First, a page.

5. ROH to RCl using PCl3 for primary and secondary alcohols (inversion of chirality SN2)
  6. ROH to RBr using PBr3 for primary and secondary alcohols (inversion of chirality SN2)
  7. ROH to RBr using HBr for tertiary alcohols (SN1)
  8. ROH to RI using P/I2 for primary or secondary alcohols
  9. ROH to RBr using HBr for secondary and tertiary alcohols (via SN1)
  10. ROH to RCl using HCl/ZnCl2 fastest for tertiary alcohols and slow with secondary alcohols (SN1) Lucas test
  11. ROH to esters using acid chlorides (better) or mixing alcohol and carboxylic acid with acid catalyst and removing water
  12. ROH and H3PO4 (phosphoric acid) heat to make some phosphate esters (e.g. trimethyl phosphate) - most alcohols will undergo E-1 and dehydrate to alkenes, as described above
  13. ROH and HNO3 (nitric acid) to make nitrate esters (explosive, e.g. nitroglycerin)
  14. ROH to ROTs (tosylates) using TsCl, useful for doing SN2 reactions from primary alcohols:
  15. ROTs to RH using LiAlH4 (another way to go from alcohol to alkane in 2 steps)
  16. ROTs to RNH2 using ammonia
  17. ROTs to ROH using hydroxide
  18. ROTs to RX using halide salt (F-,Cl-,Br-,I-)
  19. ROTs to RCN (nitrile or cyanide) using NaCN
  20. with NaH, Na (primary or secondary alcohols) or K (for tertiary alcohols) to generate alkoxides
  21. phenols are much more acidic than aliphatic alcohols (phenolates can be made with hydroxide, electronegative groups make more acidic) Reusch
  22. Williamson ether synthesis (alcoxide with primary alkyl halides or tosylates, secondary or tertiary give E-2)
  23. tertiary glycols undergo pinacol rearrangement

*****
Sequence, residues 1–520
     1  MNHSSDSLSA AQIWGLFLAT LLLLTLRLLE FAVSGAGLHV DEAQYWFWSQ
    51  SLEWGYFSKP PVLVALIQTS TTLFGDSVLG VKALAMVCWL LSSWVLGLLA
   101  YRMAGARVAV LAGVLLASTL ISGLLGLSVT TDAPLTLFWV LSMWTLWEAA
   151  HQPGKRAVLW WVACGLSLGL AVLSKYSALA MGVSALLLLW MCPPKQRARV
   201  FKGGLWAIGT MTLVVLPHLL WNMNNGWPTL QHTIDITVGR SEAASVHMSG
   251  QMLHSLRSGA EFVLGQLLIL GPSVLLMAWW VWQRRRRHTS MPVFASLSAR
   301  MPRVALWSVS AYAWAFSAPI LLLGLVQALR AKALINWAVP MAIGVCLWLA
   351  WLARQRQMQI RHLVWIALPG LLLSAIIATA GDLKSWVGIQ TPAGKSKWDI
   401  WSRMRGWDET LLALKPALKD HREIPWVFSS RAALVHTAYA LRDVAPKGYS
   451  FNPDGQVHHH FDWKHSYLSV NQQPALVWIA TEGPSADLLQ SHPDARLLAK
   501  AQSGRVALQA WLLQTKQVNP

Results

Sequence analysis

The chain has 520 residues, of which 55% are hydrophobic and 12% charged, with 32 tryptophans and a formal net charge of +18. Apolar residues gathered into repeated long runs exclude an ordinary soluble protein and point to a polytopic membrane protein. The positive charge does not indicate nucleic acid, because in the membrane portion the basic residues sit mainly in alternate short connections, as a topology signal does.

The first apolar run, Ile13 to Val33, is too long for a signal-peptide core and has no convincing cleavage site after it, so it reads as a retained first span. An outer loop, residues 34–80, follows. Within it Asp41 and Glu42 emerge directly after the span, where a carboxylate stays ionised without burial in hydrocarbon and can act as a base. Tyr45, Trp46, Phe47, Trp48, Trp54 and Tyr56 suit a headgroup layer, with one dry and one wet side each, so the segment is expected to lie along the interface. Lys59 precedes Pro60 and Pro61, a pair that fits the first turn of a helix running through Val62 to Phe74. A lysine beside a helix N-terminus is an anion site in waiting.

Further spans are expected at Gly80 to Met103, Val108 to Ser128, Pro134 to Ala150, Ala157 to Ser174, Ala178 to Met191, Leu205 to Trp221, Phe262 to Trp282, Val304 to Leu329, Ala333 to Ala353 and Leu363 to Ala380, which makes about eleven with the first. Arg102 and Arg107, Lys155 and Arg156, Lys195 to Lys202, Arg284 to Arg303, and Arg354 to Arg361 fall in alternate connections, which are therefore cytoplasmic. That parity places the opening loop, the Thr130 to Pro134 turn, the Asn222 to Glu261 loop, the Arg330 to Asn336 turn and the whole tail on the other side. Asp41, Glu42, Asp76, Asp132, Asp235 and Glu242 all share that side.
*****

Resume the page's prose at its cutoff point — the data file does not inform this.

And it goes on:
24. glycols are converted to aldehydes or ketones using periodic acid (HIO4), thus hydroxylation then HIO4 is an alternative to straight ozonolysis of alkenes
  25. Thiolates are more nucleophilic and less basic than alcoxides so can do SN2 with primary or secondary alkyl halides and tosylates (tertiary give E-2) Reusch
  26. thiols oxidized by KMnO4, HNO3 to sulfonic acids (R-SO3H)
  27. thiols oxidized by Br2 to disulfides (R-SS-R), also used by proteins

Practice Problems



TEST 1


Infrared Spectroscopy (IR)

  • Reusch
  • measures the bending and stretching of bonds
  • higher wavenumber (in cm^-1) corresponds to higher energy
  • heavier atom gives lower energy and lower wavenumbers
  • higher bond energies (e.g. single -> double -> triple bonds) give higher wavenumbers
  • useful range 1600-3500 cm^-1 (any absorptions below that are in the fingerprint region)
  • C=C unconjugated alkene 1640-1680
  • C=C conjugated alkene 1620-1640
  • C=C aromatic 1600
  • C-H (sp3) 2900-3000
  • C-H (sp2) 3000-3100
  • C-H (sp) 3300
  • hydrogen bonded N-H, O-H broad near 3300, CO2H very broad 2500-3500
  • C=O ketone, aldehydes, carboxylic acids 1710
  • C=O conjugated ketone or aldehyde 1680
  • C=O esters 1730-1740
  • C=O amides 1640-1680
  • C=O acid chlorides 1780
  • C=O cyclobutanones 1780
  • C-H aldehyde 2700 and 2800
  • C=N 1660
  • CN (nitrile) 2250
  • CC alkyne 2150

Mass Spectrometry (MS)

  • Reusch
  • molecules acquire a charge then are separated by mass in the mass spectrometer by moving in a magnetic field
  • M+ is molecular ion peak
  • base peak is the strongest peak
  • high resolution MS can give elemental analysis because atoms have non integer masses
  • C-13 is about 1%, thus there will be a small M+1 peak
  • for methyl M-15, ethyl M-29, propyl M-43, butyl M-57
  • for Br M+2 = M+
  • for Cl M+2 = 1/3 M+
  • for N, M+ is odd
  • for S M+2 = 4% M+
  • alcohols that can dehydrade often M+ not seen, only M-18
  • break C-C bonds to form stable carbocations (tertiary, benzylic, allylic)

Nuclear Magnetic Resonance Spectroscopy (NMR)

  • Reusch
  • can view every H and C in molecules as peaks
  • scale in ppm (delta scale), relative to tetramethylsilane (TMS), defined as zero